How The Economist’s approach to attention trading will alter the sales pitch
Both sides will profit: the advertiser, who buys guaranteed attention time instead of reach as well as the publisher, who might be able to sell ad space at higher margin. It’s good news for publishers, which could split their ad sales strategy offering v CPM models for ad space above the fold (ATF) and a CPH model for campaigns below the fold (BTF).
Over the years, advertisers became increasingly frustrated about paying for ads online no one sees. Think of an ad placed at the bottom of a page but users don’t scroll down. A structural problem no one can ignore. A study in 2014 conducted by Google found out, that 56.1 per cent of impressions are not seen. Why should marketers pay for no value? Sellers always argued, that non-viewable ads were priced into the cost of their display inventory early on, and were not willing to lower the already eroding prices even further. Advertisers of course want their campaigns to have impact, to get their message across or to trigger a specific action among their target audience. A global discussion started about how to move away from a common industry standard, from an impression driven towards an impressions-viewed model, headed by the industry bodies. Viewability became the new buzzword and a new requirement, which marks the industry’s “shift toward valuing viewable rather than served impressions“.
But when do we call an ad viewable? – According to the Media Rating Council and IAB standards, a viewable impression occurs when 50 per cent of an ad’s pixels are “on an in-focus browser tab on the viewable space of the browser page” for one second. The new metric finally led Google’s Doubleclick introduce vCPM end of September 2015, an product offering, which charges only for viewable ads.
No doubt, v CPM was a first step into the right direction. But viewability is no guarantee for users’ attention. Who says, that someone spends really time on ads if they’re viewable? And attention is what matters. Research has shown that the more attention ads get, the higher is their impact on traditional brand metrics. Studies from Yahoo and Google found that ads between five – 30 second have the biggest effect on ad recall, recognition or click through rate (CTR).
As viewability is not attention it also doesn’t necessarily lead to it. In a study in 2015, The Economist compared campaign performance of twelve different clients with interesting outcome. Campaigns optimised for viewability, ads usually shown ATF, achieved lower active view time than those that were not. In contrast ads BTF are usually less viewable but achieved 31 per cent more active view time compared to those Above the Fold according to the study. Depending on where the ads appeared and how captive the user was the time of exposure with the ads differed. Some impressions achieved five seconds of active view time and some 15 seconds but this wasn’t taken into account. In the study, impressions were valued equally.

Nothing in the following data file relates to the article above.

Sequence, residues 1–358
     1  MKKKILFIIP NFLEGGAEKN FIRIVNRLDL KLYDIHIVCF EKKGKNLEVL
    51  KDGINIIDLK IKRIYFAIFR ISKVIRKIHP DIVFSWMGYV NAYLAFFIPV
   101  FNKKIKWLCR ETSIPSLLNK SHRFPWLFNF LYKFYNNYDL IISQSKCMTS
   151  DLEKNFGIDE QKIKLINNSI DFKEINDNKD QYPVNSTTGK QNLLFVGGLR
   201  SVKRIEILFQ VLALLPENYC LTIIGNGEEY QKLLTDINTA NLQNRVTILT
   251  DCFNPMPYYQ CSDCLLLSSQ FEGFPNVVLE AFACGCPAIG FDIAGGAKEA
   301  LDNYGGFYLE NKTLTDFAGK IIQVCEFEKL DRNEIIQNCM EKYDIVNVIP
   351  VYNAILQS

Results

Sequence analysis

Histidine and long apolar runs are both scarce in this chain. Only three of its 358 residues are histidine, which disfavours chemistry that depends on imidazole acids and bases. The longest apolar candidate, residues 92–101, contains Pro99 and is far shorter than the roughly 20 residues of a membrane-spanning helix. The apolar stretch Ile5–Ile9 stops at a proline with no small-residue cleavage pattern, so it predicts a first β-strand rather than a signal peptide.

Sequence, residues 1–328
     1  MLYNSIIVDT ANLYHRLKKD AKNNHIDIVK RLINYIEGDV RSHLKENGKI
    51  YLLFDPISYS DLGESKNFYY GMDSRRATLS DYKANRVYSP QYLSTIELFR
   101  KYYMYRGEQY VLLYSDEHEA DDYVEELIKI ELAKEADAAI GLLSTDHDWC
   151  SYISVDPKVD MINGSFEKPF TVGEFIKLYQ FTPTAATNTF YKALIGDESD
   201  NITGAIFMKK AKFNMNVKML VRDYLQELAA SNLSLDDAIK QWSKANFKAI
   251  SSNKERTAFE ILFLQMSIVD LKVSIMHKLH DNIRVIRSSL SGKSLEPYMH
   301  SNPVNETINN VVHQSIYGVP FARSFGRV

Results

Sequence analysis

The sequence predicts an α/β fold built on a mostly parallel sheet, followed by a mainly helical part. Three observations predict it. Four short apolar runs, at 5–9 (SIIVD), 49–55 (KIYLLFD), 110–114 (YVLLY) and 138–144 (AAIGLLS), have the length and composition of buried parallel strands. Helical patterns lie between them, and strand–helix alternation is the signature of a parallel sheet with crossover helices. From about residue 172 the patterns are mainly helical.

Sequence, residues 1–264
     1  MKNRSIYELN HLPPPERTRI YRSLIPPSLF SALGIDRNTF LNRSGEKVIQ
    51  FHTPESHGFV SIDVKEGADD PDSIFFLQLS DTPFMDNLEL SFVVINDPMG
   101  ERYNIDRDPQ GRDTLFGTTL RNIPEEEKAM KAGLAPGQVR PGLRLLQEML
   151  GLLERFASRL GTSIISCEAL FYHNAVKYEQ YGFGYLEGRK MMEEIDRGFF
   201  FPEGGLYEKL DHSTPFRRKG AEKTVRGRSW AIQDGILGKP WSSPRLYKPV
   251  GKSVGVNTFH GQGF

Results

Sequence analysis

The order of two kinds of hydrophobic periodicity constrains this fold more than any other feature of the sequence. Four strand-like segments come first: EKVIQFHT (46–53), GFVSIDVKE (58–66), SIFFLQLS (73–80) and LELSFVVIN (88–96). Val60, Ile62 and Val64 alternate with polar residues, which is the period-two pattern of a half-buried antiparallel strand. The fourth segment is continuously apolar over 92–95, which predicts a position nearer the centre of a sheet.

In response to these findings, The Economist introduced a Cost Per Hour (CPH) model. “An impression would have to generate more than five seconds of active view time, for the time from the impression to count towards the overall CPH goal,” Ashwin Sridhar, The Economist’s Global Head of Digital Products Revenue, explains and adds: “We cap the attention at 30 seconds. So if an ad is in view for 90 seconds we only count that as 30 seconds towards to the overall time goal.” A major shift, as The Economist in this model wants advertisers only pay for a certain amount of active view time. A view time is active if a user scrolls, moves her mouse, clicks etc. An approach it calls attention trading.
Their pitch: “In the viewability model, buying a 1,000 viewable impression only guarantees a min of 1000 sec of ad display time. Buying on CPH guarantees 3,600 seconds of active view time or a minimum of 120 readers ‘paying attention’ to an ad for 30 seconds.” It marks the shift away from counting viewable impressions towards a greater focus on view time itself. It doesn’t necessarily say, that more people will have viewed the advertising but trades the actual time as a currency.
Ashwin Sridhar, global head of Economist digital products revenue, said: “Viewability is above the fold, attention below the fold. Ads below the fold actually do the heavy lifting. They are viewable less often, but when they are, they’re in view much longer and have a larger share of user’s attention on page.”
What model serves advertisers’ interest better? A CPM model which delivers 1,000 viewable impressions but no guarantee for attention or a minimum of 120 readers who paid attention to the ad for an effective amount of time? Asked for his opinion on the attention economy, GigaOM’s founder and industry pioneer Om Malik said he loves the Economist approach. But he also points out that the publication has a strong stature and relationship with readers and has its stake holders behind it, to support such an approach to the market.
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